My mom is hard to miss. She’s recognizable by her handmade skirts and Birkenstocks, by her playlists that range from Sinead O’Connor to Maroon 5. I can find her at night by the glow of Candy Crush on her phone screen. In grocery stores I track her by her sneeze: explosive, cathartic, followed by a “Whew! Thank you!” to all the people who offer a “bless you.” 


When I was seven, I went to a birthday party at Inflatable Wonderland in the mall. After diving into the ball pit and getting lost in the maze, I realized suddenly I didn’t know where I was. Right as I started to panic, I saw a half-drunk diet Coke at the top of a staircase. I relaxed. It was a sign: your mom is here! 

My concept of diet Coke was so entangled with what I knew about my mom that it never occurred to me that the drink could belong to someone else. And this time, it didn’t: when I ran up the stairs I spotted my mom, an arms’ length away from the clear plastic bottle, chatting with her friends and eating cake. 


When I was thirteen and aching for independence, my mom would let me walk to Sonic with my friends. “You can use this money to get something for all of you,” she said, handing me ten dollars. “Just please get me –” 


“Route 44 diet Coke, easy ice, regular cherry flavoring,” I said. “I know.” 


My mom has drunk Coke religiously for my whole life, but every few years she decided that she needed to quit. This usually coincided with the end of a road trip; after an eighteen hour drive, followed by a week of Thanksgiving with my dad’s parents and a dozen holiday-hyper cousins, it’s no wonder that her veins flowed with more caffeine than blood by the time we returned home. 


Mom insisted that she could quit cold turkey just by refusing to keep Coke in the house. For two days she drank milky coffee and complained. Soon we started dropping by the gas station to pick up a Coke every time we left the neighborhood. By the time the attendant knew her name, we were stocking twelve-packs in our pantry once again. 


When I was seventeen I was dating a boy whose parents thought that artificial sweeteners were the devil. I came home from his house praising agave syrup and Medjool dates, and no one in my family would eat anything I baked for a month. 


My mom asked me to get her a Coke from the store and I brought her a plastic bottle with a green label. “Coke Life!” I told her. “Sweetened with stevia! It’s so much better for you than aspartame.”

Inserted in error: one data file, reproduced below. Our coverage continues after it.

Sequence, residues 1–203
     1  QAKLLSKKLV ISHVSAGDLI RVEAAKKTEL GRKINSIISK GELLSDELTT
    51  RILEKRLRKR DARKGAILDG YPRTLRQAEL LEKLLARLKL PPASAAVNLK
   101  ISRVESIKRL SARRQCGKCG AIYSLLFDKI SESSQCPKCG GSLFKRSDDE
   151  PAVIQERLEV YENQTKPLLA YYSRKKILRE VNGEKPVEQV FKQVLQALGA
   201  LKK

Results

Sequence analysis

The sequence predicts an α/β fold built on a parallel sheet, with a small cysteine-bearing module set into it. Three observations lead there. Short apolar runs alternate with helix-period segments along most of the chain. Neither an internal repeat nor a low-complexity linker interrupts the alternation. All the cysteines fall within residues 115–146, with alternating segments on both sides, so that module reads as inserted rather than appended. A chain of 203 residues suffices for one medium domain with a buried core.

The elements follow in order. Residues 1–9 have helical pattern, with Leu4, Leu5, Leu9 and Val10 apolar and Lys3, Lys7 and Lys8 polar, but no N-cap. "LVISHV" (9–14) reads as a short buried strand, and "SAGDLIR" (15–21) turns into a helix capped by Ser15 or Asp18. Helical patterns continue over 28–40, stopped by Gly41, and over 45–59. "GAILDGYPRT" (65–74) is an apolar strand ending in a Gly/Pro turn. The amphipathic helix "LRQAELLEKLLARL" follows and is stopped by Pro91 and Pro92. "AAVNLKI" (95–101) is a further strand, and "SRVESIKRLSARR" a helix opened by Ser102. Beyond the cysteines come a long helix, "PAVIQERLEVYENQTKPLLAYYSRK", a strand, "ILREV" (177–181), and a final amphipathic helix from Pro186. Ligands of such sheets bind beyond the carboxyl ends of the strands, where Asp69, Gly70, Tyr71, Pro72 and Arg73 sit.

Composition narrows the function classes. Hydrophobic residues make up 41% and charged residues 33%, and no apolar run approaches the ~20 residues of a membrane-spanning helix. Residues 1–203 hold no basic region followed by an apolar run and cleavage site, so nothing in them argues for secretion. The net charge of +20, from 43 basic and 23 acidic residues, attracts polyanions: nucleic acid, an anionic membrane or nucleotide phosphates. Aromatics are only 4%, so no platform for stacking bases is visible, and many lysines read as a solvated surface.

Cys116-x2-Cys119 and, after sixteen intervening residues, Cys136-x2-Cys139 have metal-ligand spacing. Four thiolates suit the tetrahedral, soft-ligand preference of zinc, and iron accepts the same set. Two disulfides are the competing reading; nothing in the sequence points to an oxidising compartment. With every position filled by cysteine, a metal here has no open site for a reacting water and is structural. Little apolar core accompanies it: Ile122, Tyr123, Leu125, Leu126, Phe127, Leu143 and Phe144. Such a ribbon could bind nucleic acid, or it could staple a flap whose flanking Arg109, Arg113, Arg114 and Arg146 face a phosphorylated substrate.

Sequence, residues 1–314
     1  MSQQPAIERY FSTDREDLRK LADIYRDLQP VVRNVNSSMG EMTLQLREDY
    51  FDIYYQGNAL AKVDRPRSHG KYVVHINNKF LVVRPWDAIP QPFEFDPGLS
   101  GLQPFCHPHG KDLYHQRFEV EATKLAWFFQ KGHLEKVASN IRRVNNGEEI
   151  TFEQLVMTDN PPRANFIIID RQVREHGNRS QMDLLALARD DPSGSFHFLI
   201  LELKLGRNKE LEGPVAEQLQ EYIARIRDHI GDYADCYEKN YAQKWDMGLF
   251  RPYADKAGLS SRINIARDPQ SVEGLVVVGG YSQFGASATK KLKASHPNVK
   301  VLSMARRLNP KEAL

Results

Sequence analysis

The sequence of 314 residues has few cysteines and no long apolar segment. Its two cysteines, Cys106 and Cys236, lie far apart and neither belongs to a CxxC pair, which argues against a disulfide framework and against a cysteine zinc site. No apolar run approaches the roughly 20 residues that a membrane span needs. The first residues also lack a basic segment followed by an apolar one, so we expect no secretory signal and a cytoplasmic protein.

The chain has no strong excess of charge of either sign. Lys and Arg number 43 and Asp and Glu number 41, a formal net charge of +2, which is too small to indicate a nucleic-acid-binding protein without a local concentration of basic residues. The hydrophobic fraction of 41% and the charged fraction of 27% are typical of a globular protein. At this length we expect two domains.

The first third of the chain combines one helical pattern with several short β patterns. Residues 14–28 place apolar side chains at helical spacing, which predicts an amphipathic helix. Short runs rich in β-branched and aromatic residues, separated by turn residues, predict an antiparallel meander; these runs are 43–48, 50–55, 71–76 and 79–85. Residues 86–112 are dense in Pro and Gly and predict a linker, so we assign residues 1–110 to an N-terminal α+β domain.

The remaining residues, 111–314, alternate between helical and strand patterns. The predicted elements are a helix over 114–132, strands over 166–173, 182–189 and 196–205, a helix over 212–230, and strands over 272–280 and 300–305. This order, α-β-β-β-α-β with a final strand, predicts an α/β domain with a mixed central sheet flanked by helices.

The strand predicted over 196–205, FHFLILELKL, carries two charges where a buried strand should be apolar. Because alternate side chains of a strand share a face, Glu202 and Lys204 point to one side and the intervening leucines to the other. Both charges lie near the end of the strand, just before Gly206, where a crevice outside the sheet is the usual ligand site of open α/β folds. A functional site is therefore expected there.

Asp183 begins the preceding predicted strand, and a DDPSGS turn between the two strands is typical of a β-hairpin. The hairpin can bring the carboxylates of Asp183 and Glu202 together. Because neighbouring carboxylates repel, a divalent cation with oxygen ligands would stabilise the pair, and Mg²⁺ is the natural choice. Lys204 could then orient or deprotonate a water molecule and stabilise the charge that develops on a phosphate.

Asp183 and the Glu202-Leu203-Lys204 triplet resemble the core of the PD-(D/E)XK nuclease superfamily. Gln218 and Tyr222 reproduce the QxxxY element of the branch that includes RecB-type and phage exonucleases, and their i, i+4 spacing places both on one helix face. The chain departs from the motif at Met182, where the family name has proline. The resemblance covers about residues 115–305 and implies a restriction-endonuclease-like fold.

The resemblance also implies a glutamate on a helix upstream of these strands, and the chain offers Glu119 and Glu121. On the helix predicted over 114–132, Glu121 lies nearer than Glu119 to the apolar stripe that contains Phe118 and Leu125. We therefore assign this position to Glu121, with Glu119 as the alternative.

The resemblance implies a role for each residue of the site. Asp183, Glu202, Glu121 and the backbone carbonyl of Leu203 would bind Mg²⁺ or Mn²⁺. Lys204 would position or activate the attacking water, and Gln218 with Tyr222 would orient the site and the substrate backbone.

I didn’t know why stevia was supposed to be better than aspartame. Honestly, I didn’t care. I just cared about being right. (More accurately: I cared about proving her wrong). 


When I took precalculus, I would rather fail my homework assignment than admit that she knew how to get the right answer. When she told me to wear sweatpants, I wore shorts. We fought about Coke; we fought about everything. She was the biggest figure in my life and I resented her for it. 


A month before I left home, I convinced myself that my family’s method of storing food in the fridge was the single biggest disgrace I had ever witnessed. I waited until my mom left for a weekend trip, and in her absence, I pulled out all the food and the drinks and the cracked plastic shelves. I threw away limp celery and fuzzy mayonnaise. I wiped up crusted-on ketchup and spilled pickle juice, and I brushed out freezer-burnt peas and inexplicable crumbs. I used so much cleaning spray that when I breathed in, I tasted vinegar. 


When I was finished, I made labels for every shelf to ensure that my new, superior organizational method would last forever. The bottom drawer became CHEESES, the middle shelf became MEAL PREP, and the top left corner — permanent home of a twelve-pack of Cokes and the occasional beer — became TOXIC WATER. Mom would know to laugh at this, I was pretty sure; just in case, I gave her a hug when she opened the front door, and my best don’t-be-mad-at-me smile.